Training is offered online and in-person.  Online training is a wonderfully accessible way to become certified as a Sibshop Facilitator. In-person training is best when hosted in the community where the new Sibshop is to be created. As training includes a Demonstration Sibshop, these two-day events are a great way to kick off a local Sibshop and educate parents, service providers, and future Sibshop facilitators about siblings’ life-long concerns. When hosting a training is not possible, you may attend a Sibshop training offered elsewhere as an alternative. To learn about upcoming Sibshop trainings, click here.

Although attending training from the Sibling Support Project is preferred, FGSFs may train new staff to assist with Sibshops at their own agencies. Facilitators trained this way are considered Second-Generation Sibshop Facilitators (SGSFs). To ensure that siblings who attend a local Sibshop participate in a program that reflects Sibshops goals and values, and to avoid a photocopy-of-a-photocopy-of-a-photocopy phenomena, SGSFs may not train new Sibshop facilitators, even at their own agency.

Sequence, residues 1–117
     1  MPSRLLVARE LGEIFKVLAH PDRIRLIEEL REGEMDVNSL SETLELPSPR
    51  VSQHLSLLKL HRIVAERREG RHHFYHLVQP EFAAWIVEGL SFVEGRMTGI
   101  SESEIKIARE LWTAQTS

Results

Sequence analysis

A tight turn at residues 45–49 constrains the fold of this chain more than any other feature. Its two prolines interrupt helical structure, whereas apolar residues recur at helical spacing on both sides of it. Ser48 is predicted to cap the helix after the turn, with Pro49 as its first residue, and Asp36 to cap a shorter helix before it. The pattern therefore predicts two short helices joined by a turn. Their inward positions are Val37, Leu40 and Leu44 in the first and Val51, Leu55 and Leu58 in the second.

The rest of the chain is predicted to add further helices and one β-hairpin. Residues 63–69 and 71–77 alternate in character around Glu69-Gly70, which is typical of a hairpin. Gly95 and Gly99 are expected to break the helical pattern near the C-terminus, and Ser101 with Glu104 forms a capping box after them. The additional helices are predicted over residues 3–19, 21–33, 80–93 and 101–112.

To continue offering Sibshops when the only FGSF leaves the organization, at least one person from the host organization must become certified as a FGSF by completing a two-day Sibling Support Project Sibshop Facilitator Training within six months of the departure of the certified facilitator, or with advanced approval by the Sibling Support Project.

As discussed in Standard 2 (Endorsing the Goals of Sibshops) community-based Sibshop facilitators are encouraged to conduct awareness-level workshops on Sibshops. However, they may not train others on how to run a Sibshop model at regional, state, or national venues.

The Sibshop Facilitator Forum (SFF) is a closed Facebook group just for facilitators from registered Sibshops. SFF is an excellent forum to meet others running Sibshops and share ideas, challenges, and stories of your successes. It is also the easiest way for the Sibling Support Project to communicate with Sibshops across the world. To be a registered Sibshop, at least one member of your Sibshop staff must belong to the Sibshop Facilitator Forum. Please note that you must include the name of your registered Sibshop when requesting to join the group.